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Author Notes

Financial support: This work was supported by the NIH (Grant no. 1K01AI103544 to K. L.; Grant nos. 5T32ES007032-37 and 5T32ES012870-15 to K. J. J.) and Minciencias doctoral fellowships (to A. P.-G. and M. J. S.-G.). The funders had no role in the study design, data collection, or interpretation. The content is solely the responsibility of the authors and does not necessarily represent the official views of the funders.

Disclosure: Human subjects protocols and consent/assent forms were approved by the institutional review boards of Emory University (IRB00065781) and Universidad San Francisco de Quito (2013-145M). The research protocol was approved by the Ecuadorian Ministry of Health (MSP-DIS-2014-0055-O).

Authors’ addresses: Lorena Montero, Maritza Paez, Estefanía Ortega, Pablo Endara, and Gabriel Trueba, Instituto de Microbiologia, Universidad San Francisco de Quito, Quito, Ecuador, E-mails: lpmonterot@gmail.com, mpaezllerena86@gmail.com, estefania1058@gmail.com, pendara@usfq.edu.ec, and gtrueba@usfq.edu.ec. Shanon M. Smith, Gangarosa Department of Environmental Health, Rollins School of Public Health, Emory University, Atlanta, GA, E-mail: shanon.smith50@gmail.com. Kelsey J. Jesser, Department of Environmental and Occupational Health Sciences, University of Washington, Seattle, WA, E-mail: kjesser@uw.edu. Angela Peña-Gonzalez and Maria Juliana Soto-Girón, School of Biological Sciences, Georgia Institute of Technology, Atlanta, GA, E-mails: angela.viviana.pena@gmail.com and dendroapsis@gmail.com. Janet K. Hatt, School of Civil and Environmental Engineering, Georgia Institute of Technology, Atlanta, GA, E-mail: janet.hatt@ce.gatech.edu. Xavier Sánchez, Edison Puebla, and William Cevallos, Centro de Biomedicina, Universidad Central del Ecuador, Quito, Ecuador, E-mails: rodrigoxav_sanchez@hotmail.com, puebla.edison@gmail.com, and wcevallos@uce.edu.ec. Konstantinos T. Konstantinidis, School of Biological Sciences, Georgia Institute of Technology, Atlanta, GA, and School of Civil and Environmental Engineering, Georgia Institute of Technology, Atlanta, GA, E-mail: kostas.konstantinidis@gatech.edu. Karen Levy, Gangarosa Department of Environmental Health, Rollins School of Public Health, Emory University, Atlanta, GA, and Department of Environmental and Occupational Health Sciences, University of Washington, Seattle, WA, E-mail: klevyx@uw.edu.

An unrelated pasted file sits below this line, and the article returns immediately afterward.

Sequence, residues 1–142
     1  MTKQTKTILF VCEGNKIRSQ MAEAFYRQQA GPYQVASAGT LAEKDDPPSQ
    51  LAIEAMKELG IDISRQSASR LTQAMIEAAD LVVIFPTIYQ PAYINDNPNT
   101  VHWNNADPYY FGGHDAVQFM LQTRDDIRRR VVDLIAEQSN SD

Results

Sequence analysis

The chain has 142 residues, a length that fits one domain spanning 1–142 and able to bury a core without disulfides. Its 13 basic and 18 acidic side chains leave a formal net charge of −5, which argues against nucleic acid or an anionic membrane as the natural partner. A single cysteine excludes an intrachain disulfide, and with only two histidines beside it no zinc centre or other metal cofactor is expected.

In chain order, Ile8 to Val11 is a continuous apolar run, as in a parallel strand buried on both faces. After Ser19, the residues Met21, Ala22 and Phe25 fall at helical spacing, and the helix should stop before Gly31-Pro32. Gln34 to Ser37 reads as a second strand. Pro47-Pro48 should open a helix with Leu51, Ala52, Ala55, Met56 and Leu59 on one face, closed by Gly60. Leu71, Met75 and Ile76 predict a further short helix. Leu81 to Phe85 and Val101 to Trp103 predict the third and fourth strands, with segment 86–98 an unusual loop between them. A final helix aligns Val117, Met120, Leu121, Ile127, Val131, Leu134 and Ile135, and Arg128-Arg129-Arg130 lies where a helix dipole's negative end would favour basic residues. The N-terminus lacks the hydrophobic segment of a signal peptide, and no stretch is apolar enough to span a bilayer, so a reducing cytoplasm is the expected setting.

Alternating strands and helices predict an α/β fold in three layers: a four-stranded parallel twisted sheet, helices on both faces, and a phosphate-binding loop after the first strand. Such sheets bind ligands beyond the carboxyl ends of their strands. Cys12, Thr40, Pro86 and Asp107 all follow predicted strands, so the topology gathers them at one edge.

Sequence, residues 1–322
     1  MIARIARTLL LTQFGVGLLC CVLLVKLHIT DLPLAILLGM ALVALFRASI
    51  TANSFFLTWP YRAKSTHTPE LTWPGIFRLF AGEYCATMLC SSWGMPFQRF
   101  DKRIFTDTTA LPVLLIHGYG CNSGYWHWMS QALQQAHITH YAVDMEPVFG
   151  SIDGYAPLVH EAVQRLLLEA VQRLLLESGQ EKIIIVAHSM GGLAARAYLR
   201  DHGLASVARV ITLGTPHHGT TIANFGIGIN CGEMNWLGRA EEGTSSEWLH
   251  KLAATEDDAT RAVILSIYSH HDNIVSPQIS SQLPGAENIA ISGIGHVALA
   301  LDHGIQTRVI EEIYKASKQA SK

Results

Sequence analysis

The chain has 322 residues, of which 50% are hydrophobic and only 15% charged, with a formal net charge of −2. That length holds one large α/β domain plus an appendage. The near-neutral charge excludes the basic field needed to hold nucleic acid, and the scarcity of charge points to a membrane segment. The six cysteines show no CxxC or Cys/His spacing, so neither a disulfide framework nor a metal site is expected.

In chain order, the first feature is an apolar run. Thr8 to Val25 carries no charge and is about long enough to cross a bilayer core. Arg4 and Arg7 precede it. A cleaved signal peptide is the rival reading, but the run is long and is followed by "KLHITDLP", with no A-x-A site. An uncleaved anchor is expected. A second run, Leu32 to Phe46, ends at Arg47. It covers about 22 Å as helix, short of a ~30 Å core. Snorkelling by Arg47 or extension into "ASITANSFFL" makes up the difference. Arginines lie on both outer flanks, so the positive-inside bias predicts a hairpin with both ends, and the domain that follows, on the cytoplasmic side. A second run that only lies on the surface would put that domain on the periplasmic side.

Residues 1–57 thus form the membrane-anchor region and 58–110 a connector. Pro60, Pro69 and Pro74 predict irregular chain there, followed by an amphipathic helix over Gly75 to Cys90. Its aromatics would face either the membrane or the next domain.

Address correspondence to Karen Levy, Department of Environmental and Occupational Health Sciences, University of Washington, Seattle, WA 98915. E-mail: klevyx@uw.edu